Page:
Speaker 2: 04:23 And we'll probably wind up wearing glasses. And if the sharp, uh, Namath high risk infant follow up clinic, she'll be seen every six months for the first couple of years and through most of grade school because we worry about um, vision problems as I mentioned, motor problems, speech delay. And we liked to see the babies and followed them so closely with their pediatrician of course, and intervene if anything is developed because the pediatrician does their exam picks up a lot. But when she comes to the nemesis, high risk clinic, we a do a more developmental exam, much more intensive. What lessons, if any, did sharp Mary Birch learn from this experience? I think we learned a lot. We learned that a baby's this small can do well and can survive. And that's the story the parents wanted to get out to give parents hope. You know, we caution it by the fact that not all babies, the small to um, survive.

Speaker 2: 05:26 And she was lucky to be delivered at a place that did have all the facilities to keep her alive in our team. Learned a lot more about feeding this micro preemie and, uh, the equipment we needed to adapt fart, um, from blood pressure cuffs that you mentioned. The things as simple as the scale. We weigh babies in the delivery room on the bed. There's a built in scale. We wait, or several times in the delivery room could never get a weight. So he brought her down to the Nicu and had to use, you know, the old fashioned almost butcher scales, if you know what I mean, like pediatricians used to have in their office. So we learned that our beds are very expensive when we use everywhere. Um, cannot wait. Uh, any buddy less than 300 grams. So, I mean, we learned the very important things and the sort of goofy things. I've been speaking with Dr. Paul Wazniak, a sharp neonatologist and Sadie's primary care physician, Dr Wazniak. Thank you. Oh my pleasure. Thank you.

Speaker 1: 00:00 Survivors of the Parkland school shooting are finding a recent and tragic connection between San Diego and their experiences at Marjorie Stoneman Douglas high school last year, two of the survivors are speaking here just one month after the fatal shooting at the Habbat of Poway synagogue. They'll be at the Lawrence Family Jewish community center in La Jolla this coming Sunday, talking about the book, glimmer of hope by the founders of the march for our lives movement, one of the founders of that movement, Brendan Duff joins us to discuss how he and other parkland students are coping and what's new in the movement to reform the nation's gun laws. And Brendan [inaudible], welcome to the program.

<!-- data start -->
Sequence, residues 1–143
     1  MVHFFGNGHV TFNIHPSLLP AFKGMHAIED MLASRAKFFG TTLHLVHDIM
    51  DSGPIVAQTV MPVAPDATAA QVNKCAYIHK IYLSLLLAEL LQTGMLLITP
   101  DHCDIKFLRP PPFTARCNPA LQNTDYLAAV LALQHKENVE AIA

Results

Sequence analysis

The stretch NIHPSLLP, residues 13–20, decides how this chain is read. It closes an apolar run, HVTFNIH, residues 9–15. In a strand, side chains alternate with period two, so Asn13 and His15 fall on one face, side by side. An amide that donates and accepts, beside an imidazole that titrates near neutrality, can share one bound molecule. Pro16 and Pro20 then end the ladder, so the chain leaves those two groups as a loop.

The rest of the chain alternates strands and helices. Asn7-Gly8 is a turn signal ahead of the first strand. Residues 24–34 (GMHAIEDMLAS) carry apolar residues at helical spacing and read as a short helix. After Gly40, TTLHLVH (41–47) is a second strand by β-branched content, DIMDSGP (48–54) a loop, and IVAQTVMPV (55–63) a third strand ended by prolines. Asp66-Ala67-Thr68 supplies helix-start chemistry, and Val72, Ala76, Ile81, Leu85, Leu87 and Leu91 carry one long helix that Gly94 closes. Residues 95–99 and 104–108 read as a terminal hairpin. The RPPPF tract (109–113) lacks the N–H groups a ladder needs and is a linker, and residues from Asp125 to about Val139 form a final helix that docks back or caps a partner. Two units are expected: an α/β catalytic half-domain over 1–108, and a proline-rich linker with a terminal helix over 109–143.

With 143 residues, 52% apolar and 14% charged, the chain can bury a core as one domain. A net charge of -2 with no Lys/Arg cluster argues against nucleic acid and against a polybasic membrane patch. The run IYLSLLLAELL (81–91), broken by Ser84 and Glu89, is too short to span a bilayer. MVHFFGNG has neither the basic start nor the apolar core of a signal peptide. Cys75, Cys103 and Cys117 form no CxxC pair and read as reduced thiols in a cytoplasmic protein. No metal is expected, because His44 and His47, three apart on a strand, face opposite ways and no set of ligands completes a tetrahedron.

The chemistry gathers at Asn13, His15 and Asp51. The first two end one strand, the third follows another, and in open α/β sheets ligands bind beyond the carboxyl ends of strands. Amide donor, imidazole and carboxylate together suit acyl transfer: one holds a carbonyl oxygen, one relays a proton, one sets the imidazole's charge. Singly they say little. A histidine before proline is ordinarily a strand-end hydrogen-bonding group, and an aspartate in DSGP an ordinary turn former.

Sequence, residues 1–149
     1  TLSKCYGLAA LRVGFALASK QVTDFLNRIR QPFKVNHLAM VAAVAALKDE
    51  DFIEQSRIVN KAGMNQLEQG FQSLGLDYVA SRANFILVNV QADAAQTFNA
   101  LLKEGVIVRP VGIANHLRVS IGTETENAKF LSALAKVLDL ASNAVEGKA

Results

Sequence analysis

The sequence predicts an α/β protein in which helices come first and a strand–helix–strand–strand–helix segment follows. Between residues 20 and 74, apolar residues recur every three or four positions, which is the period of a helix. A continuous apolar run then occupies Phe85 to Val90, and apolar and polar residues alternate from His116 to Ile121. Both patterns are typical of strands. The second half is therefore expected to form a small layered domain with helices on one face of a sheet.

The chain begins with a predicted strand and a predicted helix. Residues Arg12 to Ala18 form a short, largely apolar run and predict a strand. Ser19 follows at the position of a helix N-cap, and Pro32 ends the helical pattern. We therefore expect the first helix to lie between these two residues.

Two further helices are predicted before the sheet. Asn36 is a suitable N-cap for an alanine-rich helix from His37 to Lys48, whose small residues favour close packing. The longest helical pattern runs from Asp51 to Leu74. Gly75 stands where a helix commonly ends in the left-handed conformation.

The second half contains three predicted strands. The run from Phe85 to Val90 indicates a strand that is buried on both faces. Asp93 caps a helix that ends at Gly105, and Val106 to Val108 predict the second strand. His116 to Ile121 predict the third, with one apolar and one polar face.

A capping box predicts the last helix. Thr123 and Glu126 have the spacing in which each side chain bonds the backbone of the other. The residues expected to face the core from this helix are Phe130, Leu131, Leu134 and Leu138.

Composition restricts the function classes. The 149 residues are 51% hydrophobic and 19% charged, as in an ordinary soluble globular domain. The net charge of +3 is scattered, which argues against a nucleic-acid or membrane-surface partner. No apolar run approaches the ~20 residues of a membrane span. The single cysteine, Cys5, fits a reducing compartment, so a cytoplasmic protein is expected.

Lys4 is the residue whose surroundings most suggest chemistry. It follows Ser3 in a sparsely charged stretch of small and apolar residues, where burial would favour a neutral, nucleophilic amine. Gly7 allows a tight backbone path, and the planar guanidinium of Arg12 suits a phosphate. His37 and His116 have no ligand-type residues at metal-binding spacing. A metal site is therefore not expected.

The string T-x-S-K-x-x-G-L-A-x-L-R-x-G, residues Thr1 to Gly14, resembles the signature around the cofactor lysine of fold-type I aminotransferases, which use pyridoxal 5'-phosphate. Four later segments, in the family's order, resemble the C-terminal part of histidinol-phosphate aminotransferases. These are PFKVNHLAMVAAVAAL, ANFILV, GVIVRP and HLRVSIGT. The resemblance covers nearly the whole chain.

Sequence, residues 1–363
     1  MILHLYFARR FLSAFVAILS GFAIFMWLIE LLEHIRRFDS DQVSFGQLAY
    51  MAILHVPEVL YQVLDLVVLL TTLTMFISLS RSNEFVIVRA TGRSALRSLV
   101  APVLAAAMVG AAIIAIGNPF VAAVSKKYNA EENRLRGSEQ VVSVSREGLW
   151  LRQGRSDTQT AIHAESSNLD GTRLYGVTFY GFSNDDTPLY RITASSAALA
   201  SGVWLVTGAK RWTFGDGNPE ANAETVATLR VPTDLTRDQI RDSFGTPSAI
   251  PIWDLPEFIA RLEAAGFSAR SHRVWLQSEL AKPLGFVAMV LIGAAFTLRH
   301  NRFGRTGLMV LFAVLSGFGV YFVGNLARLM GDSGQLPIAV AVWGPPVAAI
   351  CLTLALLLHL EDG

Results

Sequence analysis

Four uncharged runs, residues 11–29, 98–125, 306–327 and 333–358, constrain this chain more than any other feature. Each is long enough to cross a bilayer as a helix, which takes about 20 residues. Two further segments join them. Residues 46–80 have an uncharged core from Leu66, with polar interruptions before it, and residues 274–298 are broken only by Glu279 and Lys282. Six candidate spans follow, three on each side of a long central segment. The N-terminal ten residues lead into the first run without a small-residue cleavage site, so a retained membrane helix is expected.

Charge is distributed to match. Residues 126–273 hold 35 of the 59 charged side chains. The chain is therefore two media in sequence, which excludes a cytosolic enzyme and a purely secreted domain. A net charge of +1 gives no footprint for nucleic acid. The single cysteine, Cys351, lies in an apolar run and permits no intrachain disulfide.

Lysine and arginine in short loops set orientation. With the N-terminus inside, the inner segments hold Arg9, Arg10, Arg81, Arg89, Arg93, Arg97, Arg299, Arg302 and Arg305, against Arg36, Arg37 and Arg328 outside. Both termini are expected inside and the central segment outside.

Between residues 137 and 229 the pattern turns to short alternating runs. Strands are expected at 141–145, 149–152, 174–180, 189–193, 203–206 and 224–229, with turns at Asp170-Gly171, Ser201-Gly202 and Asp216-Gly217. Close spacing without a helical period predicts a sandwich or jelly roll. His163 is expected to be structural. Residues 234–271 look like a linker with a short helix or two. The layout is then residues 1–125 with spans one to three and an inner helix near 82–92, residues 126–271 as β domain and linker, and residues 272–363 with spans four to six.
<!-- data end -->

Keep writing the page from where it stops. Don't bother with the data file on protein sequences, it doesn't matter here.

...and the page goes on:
Speaker 2: 00:41 Thank you so much for having me, Morgan. It's a pleasure.

Speaker 1: 00:43 Now, this event was actually planned before there was that shooting in Poway. When you heard about the shooting at the synagogue, what was your reaction?

Speaker 2: 00:52 I mean, it's devastating. It's, it's in so many ways. It's, it's discouraging because, you know, we spent over a year now advocating and on a national level just trying to do whatever we can do anything within our power to prevent this from happening to other communities. And it's especially in such a tragic way as it did in San Diego where it was clearly a direct attack. And, um, when talking to survivors, when talking to people of other communities that have gone through the same thing, every single person says the same thing. I just wish that I could stand up and make other people realize how important this is before it happens to them, which is absolutely heartbreaking. It's something that every single one of us in March for our lives has said from the start. We wish that we had paid more attention to this from the beginning and we wish that we had gotten involved before it affected us directly.

Speaker 1: 01:38 No, of course this, this shooting took place here in California, a state with some of the toughest gun laws in the country. How do you reconcile that fact? Is that discouraging?

Speaker 2: 01:48 It's, it's a bit discouraging to hear that, um, you know, that that's something people will go to immediately and say, well, you know, they have strict gun laws so this is pointless. Why are we still talking about this? We should be redirecting the attention elsewhere, but I think that we still need to look at what's going on in, in surrounding states, what's going on in specific other areas of the country. Because you know, there's things like gun trafficking and illegal purchase, Straw man purchases and blue poles where people are getting guns from other states. People are going elsewhere to go through these means. Um, and it's really just a reminder that we need to act with the urgency that this issue deserves on a national level as well.

Speaker 1: 02:22 Now your book, the Movement Book Really Glimmer of hope is a collection of essays by survivors of the Parkland shooting from various perspectives. But it also acts as a manual for how to build movements. What are some of the biggest lessons you learned becoming a part of the march of our lives movement?

Speaker 2: 02:39 The biggest thing that I've taken away is that you don't have to be able to do it all. You know, I'm, you know, you don't have to be this expert in every single field and be able to do this all on your own. We are, the power of our movement came from the, like the different skills that we all brought to the table, um, as students just trying to do our best. So I think that that's been the biggest lesson for me is, you know, in order to be good at something and in order to create change and be effective, you know, of course you have to be passionate, but you don't have to have every single skill set. You know, you can find other people that, that work well with you and in order to create the most attention that you can.